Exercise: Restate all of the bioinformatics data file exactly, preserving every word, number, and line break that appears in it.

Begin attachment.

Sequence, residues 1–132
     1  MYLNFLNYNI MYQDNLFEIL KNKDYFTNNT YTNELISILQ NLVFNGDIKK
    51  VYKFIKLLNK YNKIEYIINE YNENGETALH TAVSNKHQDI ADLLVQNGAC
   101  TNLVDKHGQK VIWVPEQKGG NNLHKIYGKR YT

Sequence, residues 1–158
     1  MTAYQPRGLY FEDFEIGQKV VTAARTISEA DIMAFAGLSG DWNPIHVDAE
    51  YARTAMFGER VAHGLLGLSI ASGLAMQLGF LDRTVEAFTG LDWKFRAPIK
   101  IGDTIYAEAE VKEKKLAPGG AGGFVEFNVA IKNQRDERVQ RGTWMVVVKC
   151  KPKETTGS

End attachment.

Sequence, residues 1–132
     1  MYLNFLNYNI MYQDNLFEIL KNKDYFTNNT YTNELISILQ NLVFNGDIKK
    51  VYKFIKLLNK YNKIEYIINE YNENGETALH TAVSNKHQDI ADLLVQNGAC
   101  TNLVDKHGQK VIWVPEQKGG NNLHKIYGKR YT

Sequence, residues 1–158
     1  MTAYQPRGLY FEDFEIGQKV VTAARTISEA DIMAFAGLSG DWNPIHVDAE
    51  YARTAMFGER VAHGLLGLSI ASGLAMQLGF LDRTVEAFTG LDWKFRAPIK
   101  IGDTIYAEAE VKEKKLAPGG AGGFVEFNVA IKNQRDERVQ RGTWMVVVKC
   151  KPKETTGS